By Audrey Wang, AGGV Volunteer
A Chinese landscape scroll painting in the classical literati tradition might be described as such: a solitude figure on horseback on a journey along a quiet riverbank surrounded by tall craggy mountains partly shrouded in mist. The tranquility and meditative atmosphere are reiterated in the poem inscribed in calligraphy along the right edge of the painting.
Unlike western painting, Chinese painting by the literati elite on paper or silk from the Song dynasty (960-1279) was not made for display, but for private consumption only or perhaps exchanged between individuals, very much like letters or poems. The practice of painting was a personal and meditative exercise, the essence of the work derived from the spontaneous expression of feelings. In particular, during this period in history, these feelings were those of escapism from the bureaucratic rat-race of scholar-officialdom, the main occupation of literati painters.
The subject-matter of misty mountains and tranquil lakes conveys a spirituality to which the literati aspired. Mountains were regarded as sacred places where the immortals lived. Their proximity to heaven also made them important. The depiction of towering rocky cliffs dotted with pine and bamboo, overlooking calm waters also served different symbolic purposes. Landscapes painted for the imperial court during the Song dynasty served as metaphors of a well-ordered state, of harmony and dignity. On the other hand, to many a literati painter disillusioned with life as a court official, landscape painting became a symbol of escape and sanctuary from the chaos of reality.
Through the similar tools of brush and ink, calligraphy and painting developed in tandem as the highest art forms in traditional Chinese visual culture. Expressive brushwork skills cultivated from calligraphic practice were used to depict mountains, rocks, trees. The literati painter eschewed the use of colour, preferring the monochromatic palette and abbreviated brushwork derived from calligraphy as a means of expressing their beliefs and intellectual character, rather than merely reproducing likeness from nature.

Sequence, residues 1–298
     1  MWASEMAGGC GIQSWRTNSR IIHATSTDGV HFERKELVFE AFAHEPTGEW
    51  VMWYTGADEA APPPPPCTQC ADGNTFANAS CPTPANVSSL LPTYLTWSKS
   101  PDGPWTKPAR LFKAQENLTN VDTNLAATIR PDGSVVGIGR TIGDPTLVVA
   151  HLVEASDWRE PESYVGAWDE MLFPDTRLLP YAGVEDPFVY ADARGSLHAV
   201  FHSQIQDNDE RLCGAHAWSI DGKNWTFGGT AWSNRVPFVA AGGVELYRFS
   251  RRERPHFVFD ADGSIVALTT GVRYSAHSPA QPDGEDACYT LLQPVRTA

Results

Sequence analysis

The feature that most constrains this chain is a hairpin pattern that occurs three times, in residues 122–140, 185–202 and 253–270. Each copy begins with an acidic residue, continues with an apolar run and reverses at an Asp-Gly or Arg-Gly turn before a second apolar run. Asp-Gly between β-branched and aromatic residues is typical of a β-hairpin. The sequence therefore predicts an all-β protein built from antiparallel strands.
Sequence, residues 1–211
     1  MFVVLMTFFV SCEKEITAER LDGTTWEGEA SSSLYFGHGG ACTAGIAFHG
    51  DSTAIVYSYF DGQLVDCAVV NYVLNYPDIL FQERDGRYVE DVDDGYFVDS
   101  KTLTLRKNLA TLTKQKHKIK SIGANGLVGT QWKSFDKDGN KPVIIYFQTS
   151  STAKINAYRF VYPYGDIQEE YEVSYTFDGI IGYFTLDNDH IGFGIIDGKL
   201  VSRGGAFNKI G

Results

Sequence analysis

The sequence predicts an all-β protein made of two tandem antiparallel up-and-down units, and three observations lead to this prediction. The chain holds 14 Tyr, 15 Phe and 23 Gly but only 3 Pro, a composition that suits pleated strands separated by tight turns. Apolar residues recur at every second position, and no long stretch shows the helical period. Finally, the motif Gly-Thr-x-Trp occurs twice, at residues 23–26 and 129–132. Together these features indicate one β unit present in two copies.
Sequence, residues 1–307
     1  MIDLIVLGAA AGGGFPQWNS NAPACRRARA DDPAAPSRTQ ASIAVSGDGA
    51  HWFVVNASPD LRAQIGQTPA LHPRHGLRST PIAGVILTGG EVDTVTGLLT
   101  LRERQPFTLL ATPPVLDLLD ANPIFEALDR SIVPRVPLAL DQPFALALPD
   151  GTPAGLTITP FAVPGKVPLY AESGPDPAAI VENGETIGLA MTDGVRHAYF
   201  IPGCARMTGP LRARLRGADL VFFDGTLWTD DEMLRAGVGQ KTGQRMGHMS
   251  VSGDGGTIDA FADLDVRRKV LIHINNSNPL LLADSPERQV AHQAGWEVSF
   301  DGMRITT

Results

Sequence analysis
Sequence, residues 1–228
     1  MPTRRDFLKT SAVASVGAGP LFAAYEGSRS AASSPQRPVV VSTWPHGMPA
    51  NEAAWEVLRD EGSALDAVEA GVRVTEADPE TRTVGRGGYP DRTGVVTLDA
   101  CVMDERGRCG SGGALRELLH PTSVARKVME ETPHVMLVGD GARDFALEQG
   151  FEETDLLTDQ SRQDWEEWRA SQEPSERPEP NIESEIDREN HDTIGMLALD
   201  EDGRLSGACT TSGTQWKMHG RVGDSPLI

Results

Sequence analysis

The tradition of the “three perfections” – painting, calligraphy and poetry – originated from the introduction of poetic inscriptions on these painted hanging scrolls and handscrolls. The poet, calligrapher and painter Su Shi (1036-1101) whose sobriquet was Su Dongpo, was a controversial political figure of his day and the main proponent of this approach to painting as a form of self-expression. He argued that painting could share the same values as poetry, thus establishing the concept of wenrenhua (“painting by literati”). The theories and ideals he set out about the virtues of spontaneous creativity and self-cultivation have endured in Chinese scholarly endeavours.
The concepts of Chinese scroll painting were set out clearly in the Song Dynasty period and have endured through the centuries. Paintings in this style continue to be made, emulating the masters of the earlier period. The outer world is a reflection on the inner world of the artist, a calming influence even during tumultuous times. The practice of ink painting is meditative, and the connoisseurship of it is also a form of spiritual escapism, bringing peaceful solitude as reflected in the tiny figures dotted around the awe-inspiring landscape backdrop.
Feature image: Yusheng Tang (Chinese, 1778 – 1853) | Lake Landscape | Ink | 24.5 x 31.5 cm | Gift of Mrs. P. S. Widdup (1976.149.001)